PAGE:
I'm still using my Linux hard drive, and as my old boss used to say, "you can't argue with success".
            Heck, I can't even run my own scripts, half the time, because I forget to change the permissions in order to execute them.

            #2. Re: Linux being "not enterprise grade"
            Actually you have used Linux, since over 50% of the servers that you use to communicate over the internet, are running Linux server software.
          • And yet the fact remains

            That hackers couldn't break Chrome OS, a Linux Distro. How do you explain this?
          • @ anothercanuck

            And can they open up the ChromeOS libraries for us to see how the entrypoints to their system look?

            xBSD libs are known. Win libs are known. Even distribution Linux libs are known. MAC OS libs are known. But ChromeOS - is it really an OS? There is no such thing as a sandboxed OS. An OS has to allow a user to run loadable executable programs - not just ones downloaded from a Web store. If they mask off all of the program loading API available to external devices, what use is the device for - other than behaving like a smartphone?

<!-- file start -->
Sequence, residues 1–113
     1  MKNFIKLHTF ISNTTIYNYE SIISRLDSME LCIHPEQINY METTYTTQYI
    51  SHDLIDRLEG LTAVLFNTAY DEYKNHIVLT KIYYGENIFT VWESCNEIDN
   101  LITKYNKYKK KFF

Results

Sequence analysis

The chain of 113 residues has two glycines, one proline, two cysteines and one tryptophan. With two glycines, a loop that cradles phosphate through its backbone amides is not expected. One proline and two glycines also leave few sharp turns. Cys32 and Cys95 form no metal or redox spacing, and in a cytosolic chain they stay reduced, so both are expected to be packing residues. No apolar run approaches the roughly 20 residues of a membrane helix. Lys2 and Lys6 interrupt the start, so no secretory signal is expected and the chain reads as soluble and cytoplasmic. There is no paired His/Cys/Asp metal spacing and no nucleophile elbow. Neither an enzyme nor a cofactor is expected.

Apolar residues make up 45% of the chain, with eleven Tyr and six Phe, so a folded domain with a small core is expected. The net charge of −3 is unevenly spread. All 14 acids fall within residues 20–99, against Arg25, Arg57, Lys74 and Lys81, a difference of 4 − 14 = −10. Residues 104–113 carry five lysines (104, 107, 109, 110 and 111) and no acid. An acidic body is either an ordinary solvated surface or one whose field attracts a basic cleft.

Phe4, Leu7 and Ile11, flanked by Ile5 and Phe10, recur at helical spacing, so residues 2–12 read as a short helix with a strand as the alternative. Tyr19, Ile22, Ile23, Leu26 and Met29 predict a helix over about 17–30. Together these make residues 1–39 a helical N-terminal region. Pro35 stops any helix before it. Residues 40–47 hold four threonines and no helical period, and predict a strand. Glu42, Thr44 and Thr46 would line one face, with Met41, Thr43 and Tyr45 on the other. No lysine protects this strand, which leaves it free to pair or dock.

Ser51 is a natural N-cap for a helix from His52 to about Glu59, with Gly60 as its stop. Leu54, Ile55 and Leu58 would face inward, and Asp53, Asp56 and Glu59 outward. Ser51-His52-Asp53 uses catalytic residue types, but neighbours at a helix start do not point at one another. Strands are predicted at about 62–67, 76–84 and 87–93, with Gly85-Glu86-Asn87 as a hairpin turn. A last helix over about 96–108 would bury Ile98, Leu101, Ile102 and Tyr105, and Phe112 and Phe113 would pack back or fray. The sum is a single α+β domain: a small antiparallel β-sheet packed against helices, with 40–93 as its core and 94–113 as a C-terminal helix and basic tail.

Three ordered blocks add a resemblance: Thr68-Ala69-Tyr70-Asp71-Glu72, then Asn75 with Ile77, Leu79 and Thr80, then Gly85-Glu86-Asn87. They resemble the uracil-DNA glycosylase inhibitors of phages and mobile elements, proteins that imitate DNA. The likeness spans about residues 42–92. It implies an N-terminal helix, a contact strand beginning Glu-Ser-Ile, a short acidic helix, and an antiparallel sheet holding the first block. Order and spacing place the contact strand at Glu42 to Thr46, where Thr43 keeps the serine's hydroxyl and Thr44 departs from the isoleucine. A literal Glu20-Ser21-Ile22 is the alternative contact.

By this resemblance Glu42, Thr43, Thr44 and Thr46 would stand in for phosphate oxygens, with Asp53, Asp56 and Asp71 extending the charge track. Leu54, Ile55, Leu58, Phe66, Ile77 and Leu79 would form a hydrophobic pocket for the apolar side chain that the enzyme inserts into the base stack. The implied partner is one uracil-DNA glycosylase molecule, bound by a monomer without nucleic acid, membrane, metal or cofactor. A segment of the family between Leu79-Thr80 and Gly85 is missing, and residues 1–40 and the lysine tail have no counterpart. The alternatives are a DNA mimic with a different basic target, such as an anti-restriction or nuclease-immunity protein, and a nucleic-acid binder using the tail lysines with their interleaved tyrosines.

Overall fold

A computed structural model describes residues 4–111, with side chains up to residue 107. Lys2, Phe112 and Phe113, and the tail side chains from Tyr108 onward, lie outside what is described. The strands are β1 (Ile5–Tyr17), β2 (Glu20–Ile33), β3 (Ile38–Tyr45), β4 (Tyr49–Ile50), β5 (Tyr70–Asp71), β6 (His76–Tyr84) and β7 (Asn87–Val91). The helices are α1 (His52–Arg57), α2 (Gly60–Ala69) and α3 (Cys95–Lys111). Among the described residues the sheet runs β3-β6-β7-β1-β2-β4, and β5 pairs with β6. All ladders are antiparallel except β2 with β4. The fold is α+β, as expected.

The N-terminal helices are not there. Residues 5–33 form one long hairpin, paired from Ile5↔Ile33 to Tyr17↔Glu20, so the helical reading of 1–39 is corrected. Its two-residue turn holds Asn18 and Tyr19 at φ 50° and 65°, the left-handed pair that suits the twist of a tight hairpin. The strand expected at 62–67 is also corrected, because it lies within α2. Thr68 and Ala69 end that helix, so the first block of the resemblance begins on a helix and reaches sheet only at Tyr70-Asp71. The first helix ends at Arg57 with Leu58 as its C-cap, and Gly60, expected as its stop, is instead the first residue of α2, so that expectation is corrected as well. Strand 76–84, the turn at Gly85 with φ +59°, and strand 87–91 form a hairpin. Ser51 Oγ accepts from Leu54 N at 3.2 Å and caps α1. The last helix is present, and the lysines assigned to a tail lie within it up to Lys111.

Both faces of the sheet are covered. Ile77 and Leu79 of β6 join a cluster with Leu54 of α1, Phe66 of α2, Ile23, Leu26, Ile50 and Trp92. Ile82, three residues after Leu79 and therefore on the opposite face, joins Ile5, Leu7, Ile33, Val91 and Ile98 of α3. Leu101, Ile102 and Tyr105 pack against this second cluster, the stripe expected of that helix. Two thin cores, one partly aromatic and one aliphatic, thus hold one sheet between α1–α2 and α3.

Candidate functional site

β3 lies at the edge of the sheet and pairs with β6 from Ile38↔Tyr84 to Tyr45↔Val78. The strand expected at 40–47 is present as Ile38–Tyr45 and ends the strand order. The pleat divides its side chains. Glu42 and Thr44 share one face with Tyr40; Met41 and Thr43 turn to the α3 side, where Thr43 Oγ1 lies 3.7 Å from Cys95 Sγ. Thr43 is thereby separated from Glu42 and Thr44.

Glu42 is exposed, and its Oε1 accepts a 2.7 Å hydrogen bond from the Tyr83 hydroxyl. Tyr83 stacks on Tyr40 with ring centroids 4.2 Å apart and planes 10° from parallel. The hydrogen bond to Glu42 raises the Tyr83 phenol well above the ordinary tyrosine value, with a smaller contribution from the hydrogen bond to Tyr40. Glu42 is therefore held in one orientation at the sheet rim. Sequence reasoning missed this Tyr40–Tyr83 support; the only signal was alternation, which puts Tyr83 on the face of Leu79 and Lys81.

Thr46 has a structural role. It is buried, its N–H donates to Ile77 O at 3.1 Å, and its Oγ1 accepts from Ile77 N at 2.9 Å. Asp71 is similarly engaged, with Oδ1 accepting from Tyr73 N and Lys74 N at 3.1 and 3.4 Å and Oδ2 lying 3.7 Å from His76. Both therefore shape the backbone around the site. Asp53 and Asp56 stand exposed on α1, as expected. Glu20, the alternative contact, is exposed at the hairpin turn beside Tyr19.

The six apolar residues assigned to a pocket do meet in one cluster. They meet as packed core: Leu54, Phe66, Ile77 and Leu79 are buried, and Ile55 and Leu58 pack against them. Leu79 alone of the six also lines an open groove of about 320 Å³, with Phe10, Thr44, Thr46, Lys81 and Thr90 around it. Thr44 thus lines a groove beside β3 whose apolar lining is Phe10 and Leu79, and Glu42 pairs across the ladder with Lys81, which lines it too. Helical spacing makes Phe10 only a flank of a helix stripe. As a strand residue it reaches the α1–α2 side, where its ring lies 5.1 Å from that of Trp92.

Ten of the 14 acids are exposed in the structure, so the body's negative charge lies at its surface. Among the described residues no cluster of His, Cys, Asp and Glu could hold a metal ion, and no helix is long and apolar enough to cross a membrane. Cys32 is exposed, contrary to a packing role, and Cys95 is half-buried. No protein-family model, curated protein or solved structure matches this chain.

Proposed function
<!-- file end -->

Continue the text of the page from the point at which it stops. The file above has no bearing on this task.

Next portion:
This is a PC OS masquerading as a Web OS - or the other way around. It is a browser calling itself an OS. And it looks to be good at neither.
          • @calahan - talking out of the wrong end of your anatomy!

            Nah - Windows with a browser installed is a PC OS masquerading as a Web OS. Chrome OS is a Web OS.

            A browser calling itself an OS - no ChromeOS is a full OS. It if wasn't, it wouldn't be able to run a full functional Linux distro as a chrooted app.

            Again, you are talking total and utter crap man!
          • Not really surprising though.

            Linux is very secure compared to Windows which is very insecure - thats obvious to anybody with any common sense, and that's why the NSA chose Linux for its SE Linux security enhanced platform.

            ChromeOS is a hyper secure version of Linux, and it is not difficult to see where this extra security comes from. First of all, no way to install code ChromeOS because it doesn't allow installation of programs - not even drivers. Then if by some fluke you did manage to install some malicious code on it, the code is wiped on the next boot because on boot, the OS checksum is checked against what it should be, and if the checksum doesn't match, a clean copy of the OS is installed automatically.

            A Chromebook is not a pleasant environment for someone trying to break into your computer.